Before Ringo, drum stars were measured by their soloing ability and virtuosity. Ringo's popularity brought forth a new paradigm in how the public saw drummers. We started to see the drummer as an equal participant in the compositional aspect. One of Ringo's great qualities was that he composed unique, stylistic drum parts for The Beatles' songs. His parts are so signature to the songs that you can listen to a Ringo drum part without the rest of the music and still identify the song.[2]

Phil Collins, the drummer for Genesis, who was himself influenced by Starr, said:

Starr is vastly underrated. The drum fills on the song "A Day in the Life" are very complex things. You could take a great drummer today and say, 'I want it like that.' He wouldn't know what to do.[51][52]

In September 1980, John Lennon had this to say about Starr:

Ringo was a star in his own right in Liverpool before we even met. He was a professional drummer who sang and performed and had Ringo Starr-time and he was in one of the top groups in Britain but especially in Liverpool before we even had a drummer. So Ringo's talent would have come out one way or the other as something or other. I don't know what he would have ended up as, but whatever that spark is in Ringo that we all know but can't put our finger on — whether it is acting, drumming or singing I don't know — there is something in him that is projectable and he would have surfaced with or without The Beatles. Ringo is a damn good drummer.[53]

Many drummers acknowledge Starr as an influence, including Steve Gorman of The Black Crowes, Dave Grohl of Nirvana, Jen Ledger of Skillet, Max Weinberg of the E Street Band, Danny Carey of Tool, Liberty DeVitto of Billy Joel's band, Nicko McBrain of Iron Maiden, Eric Carr of Kiss, Phil Rudd of AC/DC, Orri Páll Dýrason of Sigur Rós,[54] the former Dream Theater drummer Mike Portnoy, Pedro Andreu of Heroes del Silencio and others.[52]

In his extensive survey of The Beatles' recording sessions, Mark Lewisohn confirmed that Starr was both proficient and remarkably reliable and consistent. According to Lewisohn, there were fewer than a dozen occasions in The Beatles' eight-year recording career where session 'breakdowns' were caused by Starr making a mistake, while the vast majority of takes were stopped owing to mistakes by the other three members.[52] Starr is considered to have influenced various modern drumming techniques, such as the matched grip, placing the drums on high risers for visibility as part of the band, tuning the drums lower, and using muffling devices on tonal rings.[2]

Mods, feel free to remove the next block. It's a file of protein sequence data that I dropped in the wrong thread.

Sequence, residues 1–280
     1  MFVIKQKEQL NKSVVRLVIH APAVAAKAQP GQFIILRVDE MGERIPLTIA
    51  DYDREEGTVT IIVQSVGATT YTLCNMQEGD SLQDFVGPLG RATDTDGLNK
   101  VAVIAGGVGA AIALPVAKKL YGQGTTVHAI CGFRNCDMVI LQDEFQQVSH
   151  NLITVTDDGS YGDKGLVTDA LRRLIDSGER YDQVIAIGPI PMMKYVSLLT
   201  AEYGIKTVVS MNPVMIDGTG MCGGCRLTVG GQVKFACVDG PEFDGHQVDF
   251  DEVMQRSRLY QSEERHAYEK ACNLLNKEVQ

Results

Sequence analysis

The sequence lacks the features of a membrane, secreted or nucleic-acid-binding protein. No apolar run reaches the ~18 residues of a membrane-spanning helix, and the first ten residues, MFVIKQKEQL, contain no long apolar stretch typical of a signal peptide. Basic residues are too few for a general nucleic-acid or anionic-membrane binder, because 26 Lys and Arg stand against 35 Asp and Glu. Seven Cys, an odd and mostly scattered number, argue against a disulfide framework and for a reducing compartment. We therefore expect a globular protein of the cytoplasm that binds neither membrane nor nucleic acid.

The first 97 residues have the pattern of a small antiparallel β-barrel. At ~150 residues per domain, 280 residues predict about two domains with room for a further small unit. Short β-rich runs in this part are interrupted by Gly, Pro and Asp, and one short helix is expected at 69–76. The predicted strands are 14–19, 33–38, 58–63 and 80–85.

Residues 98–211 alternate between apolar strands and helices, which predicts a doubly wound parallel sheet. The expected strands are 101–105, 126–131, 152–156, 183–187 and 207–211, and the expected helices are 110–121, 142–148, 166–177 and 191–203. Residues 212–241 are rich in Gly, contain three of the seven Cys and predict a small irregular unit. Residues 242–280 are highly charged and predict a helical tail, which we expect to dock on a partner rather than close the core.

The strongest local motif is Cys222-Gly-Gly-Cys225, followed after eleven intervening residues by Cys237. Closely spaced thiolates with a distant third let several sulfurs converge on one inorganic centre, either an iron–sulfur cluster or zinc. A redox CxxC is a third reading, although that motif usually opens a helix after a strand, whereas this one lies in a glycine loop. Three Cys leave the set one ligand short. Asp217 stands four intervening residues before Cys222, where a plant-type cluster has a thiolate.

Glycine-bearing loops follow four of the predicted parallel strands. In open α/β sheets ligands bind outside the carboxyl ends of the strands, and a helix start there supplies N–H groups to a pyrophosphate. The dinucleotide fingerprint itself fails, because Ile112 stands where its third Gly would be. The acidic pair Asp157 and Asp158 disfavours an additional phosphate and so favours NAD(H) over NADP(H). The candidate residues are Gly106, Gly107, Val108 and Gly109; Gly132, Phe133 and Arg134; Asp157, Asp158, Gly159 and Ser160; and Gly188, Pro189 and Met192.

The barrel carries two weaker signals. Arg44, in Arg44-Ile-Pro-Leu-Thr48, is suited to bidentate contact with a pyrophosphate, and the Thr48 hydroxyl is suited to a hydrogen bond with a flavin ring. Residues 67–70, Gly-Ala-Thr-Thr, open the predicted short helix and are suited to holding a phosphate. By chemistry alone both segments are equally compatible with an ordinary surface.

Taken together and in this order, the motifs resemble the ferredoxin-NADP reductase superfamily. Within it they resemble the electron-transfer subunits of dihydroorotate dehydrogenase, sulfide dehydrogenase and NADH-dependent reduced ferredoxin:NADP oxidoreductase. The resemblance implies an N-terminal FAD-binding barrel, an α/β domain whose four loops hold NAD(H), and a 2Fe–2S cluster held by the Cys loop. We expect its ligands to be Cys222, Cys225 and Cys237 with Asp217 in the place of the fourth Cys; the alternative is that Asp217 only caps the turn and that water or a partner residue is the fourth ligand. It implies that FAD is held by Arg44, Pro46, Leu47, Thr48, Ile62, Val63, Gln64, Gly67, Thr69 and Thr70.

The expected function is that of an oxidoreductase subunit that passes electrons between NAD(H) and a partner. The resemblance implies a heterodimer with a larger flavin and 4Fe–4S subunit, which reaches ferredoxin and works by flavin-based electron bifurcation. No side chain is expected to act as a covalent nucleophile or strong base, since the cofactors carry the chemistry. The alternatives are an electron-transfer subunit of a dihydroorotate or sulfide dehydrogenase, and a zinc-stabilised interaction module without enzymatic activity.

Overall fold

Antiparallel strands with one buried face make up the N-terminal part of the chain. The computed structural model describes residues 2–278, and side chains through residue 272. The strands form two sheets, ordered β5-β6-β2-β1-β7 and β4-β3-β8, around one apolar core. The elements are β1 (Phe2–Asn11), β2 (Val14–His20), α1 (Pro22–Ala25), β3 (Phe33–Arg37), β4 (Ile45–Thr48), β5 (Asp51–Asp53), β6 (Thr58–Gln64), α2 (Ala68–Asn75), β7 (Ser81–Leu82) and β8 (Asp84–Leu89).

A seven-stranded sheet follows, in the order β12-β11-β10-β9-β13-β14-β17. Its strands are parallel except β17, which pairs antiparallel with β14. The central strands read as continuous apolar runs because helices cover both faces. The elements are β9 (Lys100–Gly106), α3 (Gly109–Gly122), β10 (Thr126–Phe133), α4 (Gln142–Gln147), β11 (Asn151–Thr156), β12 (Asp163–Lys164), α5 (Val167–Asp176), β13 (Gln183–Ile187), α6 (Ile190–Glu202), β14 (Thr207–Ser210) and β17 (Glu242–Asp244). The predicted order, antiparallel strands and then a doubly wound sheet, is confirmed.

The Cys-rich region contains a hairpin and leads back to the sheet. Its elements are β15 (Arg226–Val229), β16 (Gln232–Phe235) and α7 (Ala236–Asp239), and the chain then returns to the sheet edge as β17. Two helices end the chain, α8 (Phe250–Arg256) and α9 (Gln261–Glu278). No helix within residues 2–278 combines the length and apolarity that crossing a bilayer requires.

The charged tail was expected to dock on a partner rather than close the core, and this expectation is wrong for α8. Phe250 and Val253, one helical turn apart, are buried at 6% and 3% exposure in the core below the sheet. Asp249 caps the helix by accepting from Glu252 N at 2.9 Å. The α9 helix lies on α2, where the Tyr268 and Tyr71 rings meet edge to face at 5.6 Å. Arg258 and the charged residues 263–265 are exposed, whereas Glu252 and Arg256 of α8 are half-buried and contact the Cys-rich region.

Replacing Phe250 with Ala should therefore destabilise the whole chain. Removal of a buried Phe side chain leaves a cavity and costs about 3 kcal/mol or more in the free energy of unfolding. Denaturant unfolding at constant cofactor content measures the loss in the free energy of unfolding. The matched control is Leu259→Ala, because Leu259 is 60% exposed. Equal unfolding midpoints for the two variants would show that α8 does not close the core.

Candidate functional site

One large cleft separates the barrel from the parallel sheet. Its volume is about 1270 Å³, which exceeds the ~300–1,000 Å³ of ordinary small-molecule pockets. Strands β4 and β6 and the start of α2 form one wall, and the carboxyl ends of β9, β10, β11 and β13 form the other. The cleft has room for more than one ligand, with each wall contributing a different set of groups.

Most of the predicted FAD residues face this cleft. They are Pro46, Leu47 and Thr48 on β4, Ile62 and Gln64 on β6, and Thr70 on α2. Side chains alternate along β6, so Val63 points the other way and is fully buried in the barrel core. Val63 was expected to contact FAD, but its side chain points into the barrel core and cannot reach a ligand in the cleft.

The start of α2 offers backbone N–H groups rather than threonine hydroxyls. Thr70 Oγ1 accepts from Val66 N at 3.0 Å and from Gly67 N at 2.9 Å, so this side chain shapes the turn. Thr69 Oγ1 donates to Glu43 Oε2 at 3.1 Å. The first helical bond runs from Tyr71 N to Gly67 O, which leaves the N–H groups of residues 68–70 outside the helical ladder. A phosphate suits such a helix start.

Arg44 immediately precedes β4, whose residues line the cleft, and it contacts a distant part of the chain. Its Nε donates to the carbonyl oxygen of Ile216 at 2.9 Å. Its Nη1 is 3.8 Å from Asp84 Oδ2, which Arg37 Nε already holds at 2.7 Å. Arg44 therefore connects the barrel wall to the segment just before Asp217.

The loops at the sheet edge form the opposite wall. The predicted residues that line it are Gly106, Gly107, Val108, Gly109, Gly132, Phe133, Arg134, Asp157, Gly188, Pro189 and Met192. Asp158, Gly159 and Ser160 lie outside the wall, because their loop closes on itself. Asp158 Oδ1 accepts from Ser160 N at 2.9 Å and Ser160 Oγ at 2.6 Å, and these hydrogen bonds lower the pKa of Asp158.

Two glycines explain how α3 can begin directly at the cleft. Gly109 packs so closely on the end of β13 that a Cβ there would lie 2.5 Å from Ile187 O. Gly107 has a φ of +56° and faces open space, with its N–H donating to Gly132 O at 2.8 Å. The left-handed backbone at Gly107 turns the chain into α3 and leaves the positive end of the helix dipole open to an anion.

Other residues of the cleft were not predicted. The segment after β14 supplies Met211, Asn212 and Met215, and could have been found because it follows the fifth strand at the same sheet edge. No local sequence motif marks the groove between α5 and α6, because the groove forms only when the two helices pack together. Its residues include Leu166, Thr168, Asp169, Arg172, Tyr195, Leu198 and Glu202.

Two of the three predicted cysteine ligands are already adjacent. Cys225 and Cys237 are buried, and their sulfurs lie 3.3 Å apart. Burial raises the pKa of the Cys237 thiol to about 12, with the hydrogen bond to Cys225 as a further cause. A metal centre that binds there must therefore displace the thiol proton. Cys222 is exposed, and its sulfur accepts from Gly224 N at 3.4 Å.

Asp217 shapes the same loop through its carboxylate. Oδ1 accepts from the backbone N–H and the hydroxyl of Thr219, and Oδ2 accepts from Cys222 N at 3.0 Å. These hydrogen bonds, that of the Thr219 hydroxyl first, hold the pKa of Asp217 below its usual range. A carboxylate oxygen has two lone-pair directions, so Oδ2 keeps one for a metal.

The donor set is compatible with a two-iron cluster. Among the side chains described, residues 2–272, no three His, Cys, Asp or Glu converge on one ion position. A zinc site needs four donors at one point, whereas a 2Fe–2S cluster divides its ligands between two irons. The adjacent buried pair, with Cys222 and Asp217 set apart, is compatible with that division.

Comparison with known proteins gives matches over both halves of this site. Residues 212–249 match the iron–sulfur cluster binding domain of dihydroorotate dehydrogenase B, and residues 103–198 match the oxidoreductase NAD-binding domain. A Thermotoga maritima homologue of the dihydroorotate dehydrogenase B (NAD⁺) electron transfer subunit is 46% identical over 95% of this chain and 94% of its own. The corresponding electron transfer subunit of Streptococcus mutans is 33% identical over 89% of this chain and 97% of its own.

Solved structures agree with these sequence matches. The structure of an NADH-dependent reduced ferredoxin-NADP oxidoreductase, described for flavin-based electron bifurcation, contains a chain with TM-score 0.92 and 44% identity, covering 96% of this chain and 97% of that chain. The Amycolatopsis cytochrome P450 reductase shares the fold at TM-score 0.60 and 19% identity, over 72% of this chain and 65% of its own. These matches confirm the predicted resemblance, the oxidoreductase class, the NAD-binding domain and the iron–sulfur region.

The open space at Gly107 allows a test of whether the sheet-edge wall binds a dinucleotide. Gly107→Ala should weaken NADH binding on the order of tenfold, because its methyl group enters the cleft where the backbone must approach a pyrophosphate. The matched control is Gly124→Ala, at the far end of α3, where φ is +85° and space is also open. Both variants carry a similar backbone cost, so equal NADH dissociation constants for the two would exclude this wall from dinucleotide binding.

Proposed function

Starr drummed on all but five of the band's released tracks that feature drumming. For the band's second recording session with Starr as a member on 11 September 1962, producer George Martin replaced the studio-inexperienced Starr with session drummer Andy White to record takes for what would be the two sides of The Beatles' first single, "Love Me Do" backed with "P.S. I Love You".[55] Starr played tambourine on "Love Me Do" and maracas on "P.S. I Love You" for this session.[56] McCartney took over the drums on "Back in the U.S.S.R." and "Dear Prudence" from the White Album (1968) after Starr had walked out,[57] and also played the drums on "The Ballad of John and Yoko", recorded on 14 April 1969, since only he and Lennon were immediately available to record the song.[58] Starr commented that he was lucky in being "surrounded by three frustrated drummers" who could only drum in one style.[59]

After the Beatles[]


After the announcement of the break-up of The Beatles on 10 April 1970, Starr released two albums before the end of that year. Sentimental Journey featured Starr's renditions of many pre-rock standards and included the arranger talents of Quincy Jones, Maurice Gibb, George Martin and McCartney, among others. His next album, Beaucoups of Blues, put Starr in a country context, and included renowned Nashville session musician Pete Drake. He scored hit singles with "It Don't Come Easy" (1971) (US #4) and "Back Off Boogaloo" (1972) (US #9), the latter of which was his biggest UK hit, peaking at #2. He achieved two #1 hits in the US, with "Photograph" (co-written with Harrison) and "You're Sixteen" (written by the Sherman Brothers of Mary Poppins fame).